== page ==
Conquering the Pyrenees

We had a lovely setting last night, but maybe we were a bit too close to the old church. It helpfully tolled the hours every hour, not once but twice. Midnight. Twice. I maintain that it rang first in French and then in Basque, or maybe vice versa. They are touchy about that stuff here.

Our first stop of the day was in the town of Cambo-les-Bains, where playwright and poet Edmond Rostand of Cyrano fame built his country home. This was an impressive but rather confused estate. The Villa Arnaga has the pretensions of Versailles in the design and scale of its gardens, but the house itself has the exterior of an oversized Basque farmhouse, which has absolutely nothing to do with the interior, which swings from the whimsical to Louis XVI. Bizarre.

But it was a great little town, with a lovely laundromat we gratefully patronized, as we were having a cup of tea in the nearby cafe. It is Monday, after all.

Then it was on to one of the big tourist spots in France – le petit train de la Rhune, a narrow-gauge railway at the western end of the Pyrenees. It links the Col de Saint Ignace to the summit of the La Rhune (Larrun in Basque), with an elevation of 6,000 feet.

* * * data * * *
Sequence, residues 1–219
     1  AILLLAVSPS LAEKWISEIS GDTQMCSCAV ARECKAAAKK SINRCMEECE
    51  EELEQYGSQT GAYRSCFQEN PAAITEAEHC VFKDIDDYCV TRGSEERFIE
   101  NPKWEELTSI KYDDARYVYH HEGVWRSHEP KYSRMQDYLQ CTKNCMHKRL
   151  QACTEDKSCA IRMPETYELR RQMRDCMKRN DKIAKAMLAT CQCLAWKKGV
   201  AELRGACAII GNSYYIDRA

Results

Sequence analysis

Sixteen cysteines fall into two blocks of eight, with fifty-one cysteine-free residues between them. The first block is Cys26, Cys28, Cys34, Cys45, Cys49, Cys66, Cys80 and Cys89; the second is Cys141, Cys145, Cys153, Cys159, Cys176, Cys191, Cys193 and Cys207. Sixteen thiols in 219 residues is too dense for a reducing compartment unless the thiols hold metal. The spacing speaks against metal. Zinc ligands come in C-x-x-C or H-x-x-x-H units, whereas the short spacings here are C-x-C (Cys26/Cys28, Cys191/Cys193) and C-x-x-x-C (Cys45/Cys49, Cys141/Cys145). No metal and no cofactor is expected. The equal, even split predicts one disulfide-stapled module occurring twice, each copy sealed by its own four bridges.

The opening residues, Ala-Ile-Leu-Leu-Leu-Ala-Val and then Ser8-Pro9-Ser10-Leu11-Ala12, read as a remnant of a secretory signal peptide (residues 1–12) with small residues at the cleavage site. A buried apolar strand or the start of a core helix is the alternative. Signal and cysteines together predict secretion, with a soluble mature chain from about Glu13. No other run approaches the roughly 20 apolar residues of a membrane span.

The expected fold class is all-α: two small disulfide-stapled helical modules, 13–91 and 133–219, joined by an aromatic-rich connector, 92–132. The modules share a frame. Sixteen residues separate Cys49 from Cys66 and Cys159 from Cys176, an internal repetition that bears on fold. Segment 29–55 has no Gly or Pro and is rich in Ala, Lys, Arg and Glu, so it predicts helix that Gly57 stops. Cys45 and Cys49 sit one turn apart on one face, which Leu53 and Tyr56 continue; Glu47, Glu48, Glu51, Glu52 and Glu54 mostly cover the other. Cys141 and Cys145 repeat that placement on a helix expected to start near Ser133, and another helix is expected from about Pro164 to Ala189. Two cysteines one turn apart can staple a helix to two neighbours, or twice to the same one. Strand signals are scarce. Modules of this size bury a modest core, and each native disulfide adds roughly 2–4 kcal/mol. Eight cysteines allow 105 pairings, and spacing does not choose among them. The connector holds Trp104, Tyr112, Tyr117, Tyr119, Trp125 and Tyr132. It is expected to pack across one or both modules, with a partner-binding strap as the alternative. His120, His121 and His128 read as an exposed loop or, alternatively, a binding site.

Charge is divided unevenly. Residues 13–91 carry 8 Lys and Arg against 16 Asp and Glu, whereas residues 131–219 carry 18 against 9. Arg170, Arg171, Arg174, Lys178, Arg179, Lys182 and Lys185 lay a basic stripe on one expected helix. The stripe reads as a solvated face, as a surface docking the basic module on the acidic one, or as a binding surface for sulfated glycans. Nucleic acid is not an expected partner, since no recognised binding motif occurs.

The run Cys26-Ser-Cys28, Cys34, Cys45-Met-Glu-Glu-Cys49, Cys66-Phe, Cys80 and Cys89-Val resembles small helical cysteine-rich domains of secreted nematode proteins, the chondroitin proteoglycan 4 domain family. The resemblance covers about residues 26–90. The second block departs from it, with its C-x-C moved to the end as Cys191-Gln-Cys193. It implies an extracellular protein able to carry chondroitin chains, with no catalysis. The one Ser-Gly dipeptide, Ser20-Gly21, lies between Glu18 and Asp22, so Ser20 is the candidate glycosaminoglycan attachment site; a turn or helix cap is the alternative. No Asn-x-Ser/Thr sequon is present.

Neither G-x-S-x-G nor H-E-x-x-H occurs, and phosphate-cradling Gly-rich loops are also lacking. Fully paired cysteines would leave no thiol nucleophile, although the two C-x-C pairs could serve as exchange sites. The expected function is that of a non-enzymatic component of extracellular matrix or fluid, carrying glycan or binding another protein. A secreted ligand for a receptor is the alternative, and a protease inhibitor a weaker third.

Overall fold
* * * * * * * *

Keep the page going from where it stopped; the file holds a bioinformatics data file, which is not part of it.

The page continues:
Larrun holds an iconic place in the Basque culture. It is covered in neolithic monuments and was held to be a sacred place, with a reputation as an meeting place for witches. Up until the 18th century, local villages paid for a monk to live at the top of the mountain to keep those witches away and ensure good winds.

Although this summit lies on the border between France and Spain, the railway is entirely within France. The climb is quite breathtaking, and the view goes from the Bay of Biscay into the Atlantic, into Spain across the Pyrenees. It was incredibly windy – which keeps the witches away – and a bit overcast, but still dramatic, coming and going.

A lovely day of scenery, and then on to the town of Sare, where we are staying in a 1,200 year hotel which seems to have nice new mattresses and a lovely view from the balcony. Oh, dear – just heard some church bells…

 

3 thoughts on “Conquering the Pyrenees

  1. Jo
    Love the shorts, but not sure about the top(Trying to work in some smart remark about a Basque…. but failing).
    Looks like you’re liking this place a lot. It’s different, and good, isn’t it?

    Like

    • Seems like a lot of other French don’t care for it, but I think they are missing out. (I don’t think the Basques mind much what other people think, anyway.) And you could say about La Rhune that we were blown away…

      Like

Leave a Reply

Fill in your details below or click an icon to log in:

WordPress.com Logo

You are commenting using your WordPress.com account. Log Out /  Change )

Google photo

You are commenting using your Google account. Log Out /  Change )

Twitter picture

You are commenting using your Twitter account. Log Out /  Change )

Facebook photo

You are commenting using your Facebook account. Log Out /  Change )

Connecting to %s

This site uses Akismet to reduce spam. Learn how your comment data is processed.